When Confederate Statues Are Removed, Are We Unfairly Erasing History?

Time passes and values change. Things our parents and their parents held dear, beliefs and heroes that they cherished, when viewed through the lens of contemporary culture, often no longer seem so heroic or worthy of adulation. No one is immune from this historical revisionism, even our Founding Fathers.

But it’s the Civil War that seems to provoke the most tension today. Whether you’re a good old boy with a Confederate stars and bars on your truck or someone whose relatives fought for the Union, there’s a lot more to your heroes and symbols than simply acknowledging the part they played in a long-ago war. English paraphernalia from the Revolutionary War? Spanish items from the Spanish-American War? Both are fine, even if they were anti-American fighters. WWII souvenirs from time spent overseas, whether in the Pacific or European theater? That’s okay too (with the exception of anything with a swastika on it).

But even in 2017, symbols of the Confederacy rankle, which is why some cities in the South are attempting to scrub clean any signs of the Civil War. The latest example was the surreptitious midnight removal of Confederate War statues from various locations in New Orleans, Louisiana.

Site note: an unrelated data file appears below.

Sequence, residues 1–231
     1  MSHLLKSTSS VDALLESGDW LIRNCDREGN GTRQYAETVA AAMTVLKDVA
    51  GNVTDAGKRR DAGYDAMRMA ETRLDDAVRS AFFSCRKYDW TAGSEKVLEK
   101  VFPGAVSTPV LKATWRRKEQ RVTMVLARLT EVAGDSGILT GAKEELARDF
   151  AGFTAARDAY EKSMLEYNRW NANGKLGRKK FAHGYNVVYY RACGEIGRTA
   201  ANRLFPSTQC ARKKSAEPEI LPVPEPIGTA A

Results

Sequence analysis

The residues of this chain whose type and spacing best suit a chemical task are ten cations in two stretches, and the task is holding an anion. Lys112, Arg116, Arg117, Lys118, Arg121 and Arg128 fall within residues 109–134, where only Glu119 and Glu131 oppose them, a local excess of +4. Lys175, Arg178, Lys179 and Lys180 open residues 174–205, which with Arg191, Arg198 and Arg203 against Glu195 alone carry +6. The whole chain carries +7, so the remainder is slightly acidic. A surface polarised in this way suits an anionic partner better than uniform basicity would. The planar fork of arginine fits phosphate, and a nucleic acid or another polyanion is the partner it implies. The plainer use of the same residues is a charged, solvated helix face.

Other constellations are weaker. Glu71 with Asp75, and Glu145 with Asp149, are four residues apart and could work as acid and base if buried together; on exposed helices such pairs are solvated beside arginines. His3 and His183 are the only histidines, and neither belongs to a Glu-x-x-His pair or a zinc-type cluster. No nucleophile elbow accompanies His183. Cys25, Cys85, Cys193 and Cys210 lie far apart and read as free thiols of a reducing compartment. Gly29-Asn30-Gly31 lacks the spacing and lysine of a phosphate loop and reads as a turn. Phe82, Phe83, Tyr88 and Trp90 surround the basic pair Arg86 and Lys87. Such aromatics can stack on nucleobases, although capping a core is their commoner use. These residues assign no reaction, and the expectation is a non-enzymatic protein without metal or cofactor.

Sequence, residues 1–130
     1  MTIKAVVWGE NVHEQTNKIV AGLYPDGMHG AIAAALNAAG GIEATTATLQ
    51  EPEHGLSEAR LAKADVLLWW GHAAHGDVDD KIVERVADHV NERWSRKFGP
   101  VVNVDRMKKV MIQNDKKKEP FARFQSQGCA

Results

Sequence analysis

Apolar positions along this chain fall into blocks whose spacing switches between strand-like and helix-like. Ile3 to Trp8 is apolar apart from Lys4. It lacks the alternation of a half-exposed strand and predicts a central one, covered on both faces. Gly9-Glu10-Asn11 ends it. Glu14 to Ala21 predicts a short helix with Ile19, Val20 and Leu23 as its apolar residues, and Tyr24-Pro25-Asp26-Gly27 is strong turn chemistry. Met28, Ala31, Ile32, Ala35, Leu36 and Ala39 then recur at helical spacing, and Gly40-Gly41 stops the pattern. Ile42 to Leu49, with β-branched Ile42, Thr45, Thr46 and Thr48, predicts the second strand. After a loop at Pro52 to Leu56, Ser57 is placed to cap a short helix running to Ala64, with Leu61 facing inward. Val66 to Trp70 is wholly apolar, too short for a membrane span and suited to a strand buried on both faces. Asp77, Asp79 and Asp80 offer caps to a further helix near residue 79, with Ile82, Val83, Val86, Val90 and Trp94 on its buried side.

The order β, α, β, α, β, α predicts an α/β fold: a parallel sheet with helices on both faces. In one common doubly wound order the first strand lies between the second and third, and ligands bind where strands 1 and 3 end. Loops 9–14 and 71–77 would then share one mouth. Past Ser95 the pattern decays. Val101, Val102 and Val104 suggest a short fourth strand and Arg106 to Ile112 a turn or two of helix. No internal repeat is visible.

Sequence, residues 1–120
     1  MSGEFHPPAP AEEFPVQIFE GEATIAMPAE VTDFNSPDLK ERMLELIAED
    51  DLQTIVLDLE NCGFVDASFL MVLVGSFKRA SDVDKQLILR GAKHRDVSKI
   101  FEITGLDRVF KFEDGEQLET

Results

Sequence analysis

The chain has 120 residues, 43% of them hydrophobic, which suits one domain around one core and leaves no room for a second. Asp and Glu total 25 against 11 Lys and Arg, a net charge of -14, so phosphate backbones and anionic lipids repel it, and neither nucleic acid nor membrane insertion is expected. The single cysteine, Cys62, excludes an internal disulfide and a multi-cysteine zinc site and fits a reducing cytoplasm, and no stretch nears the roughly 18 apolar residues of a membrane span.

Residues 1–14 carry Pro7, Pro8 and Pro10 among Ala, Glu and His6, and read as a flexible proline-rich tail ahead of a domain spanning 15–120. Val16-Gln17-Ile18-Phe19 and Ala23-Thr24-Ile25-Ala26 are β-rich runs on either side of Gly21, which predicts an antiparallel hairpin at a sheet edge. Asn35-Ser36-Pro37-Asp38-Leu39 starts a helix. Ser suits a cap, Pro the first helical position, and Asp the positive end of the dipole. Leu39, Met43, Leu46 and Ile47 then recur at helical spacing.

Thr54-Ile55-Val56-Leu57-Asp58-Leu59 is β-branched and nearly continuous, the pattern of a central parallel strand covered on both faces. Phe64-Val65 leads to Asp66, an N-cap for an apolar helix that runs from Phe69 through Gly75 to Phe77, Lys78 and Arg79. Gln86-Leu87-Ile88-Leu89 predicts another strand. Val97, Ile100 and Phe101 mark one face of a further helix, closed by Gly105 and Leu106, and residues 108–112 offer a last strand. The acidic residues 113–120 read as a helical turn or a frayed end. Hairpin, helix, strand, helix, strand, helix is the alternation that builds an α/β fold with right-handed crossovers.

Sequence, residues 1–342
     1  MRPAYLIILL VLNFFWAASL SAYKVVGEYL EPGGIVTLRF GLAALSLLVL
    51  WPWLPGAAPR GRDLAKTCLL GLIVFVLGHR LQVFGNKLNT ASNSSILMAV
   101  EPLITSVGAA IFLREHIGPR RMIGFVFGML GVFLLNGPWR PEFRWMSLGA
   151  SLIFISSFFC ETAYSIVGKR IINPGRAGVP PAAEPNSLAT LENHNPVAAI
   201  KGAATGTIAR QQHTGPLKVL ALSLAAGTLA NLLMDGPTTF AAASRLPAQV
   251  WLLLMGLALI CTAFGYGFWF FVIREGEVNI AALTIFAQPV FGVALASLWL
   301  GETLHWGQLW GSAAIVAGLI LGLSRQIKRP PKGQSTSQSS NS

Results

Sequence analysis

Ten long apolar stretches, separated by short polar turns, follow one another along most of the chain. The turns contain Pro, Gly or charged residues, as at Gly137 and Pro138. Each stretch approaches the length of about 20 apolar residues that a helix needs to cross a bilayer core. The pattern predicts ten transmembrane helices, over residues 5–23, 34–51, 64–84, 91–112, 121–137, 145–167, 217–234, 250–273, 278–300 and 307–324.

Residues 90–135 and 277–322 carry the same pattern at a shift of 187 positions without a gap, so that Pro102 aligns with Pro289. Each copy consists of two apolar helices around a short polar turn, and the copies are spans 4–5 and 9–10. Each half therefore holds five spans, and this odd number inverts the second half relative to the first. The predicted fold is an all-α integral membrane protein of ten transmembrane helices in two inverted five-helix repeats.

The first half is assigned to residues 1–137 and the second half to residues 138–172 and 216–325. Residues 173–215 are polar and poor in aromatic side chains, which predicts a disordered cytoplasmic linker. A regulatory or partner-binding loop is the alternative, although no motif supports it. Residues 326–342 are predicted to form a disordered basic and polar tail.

To give a sense of just how controversial the removal was, the workers showed up “wearing masks and tactical vests” and were protected by police snipers stationed on nearby rooftops to ensure there were no incidents during the late-night work. The mayor explained that the city decided to relocate these particular statues because they “failed to appropriately reflect the values of diversity and inclusion that make New Orleans.”

This is the same rationale used on college campuses and cities throughout the United States to rename buildings that honor or celebrate heroes who no longer make the grade. Yale University recently renamed John C. Calhoun College because college trustees now view Calhoun as a white supremacist. Mulledy Hall at Georgetown University was renamed because Mulledy was president of the college back in 1838 and approved the sale of slaves to cover debt the college had accrued.

But while renaming a building or tearing down a statue might satisfy some activists, it also reveals an intolerance for grappling with our complicated, shared heritage as Americans, and a naïve belief that we should ignore history or rewrite it from the perspective of the oppressed to ensure that the underdog or victim is always celebrated as the hero. Winners, modern life seems to say, can’t possibly be real heroes.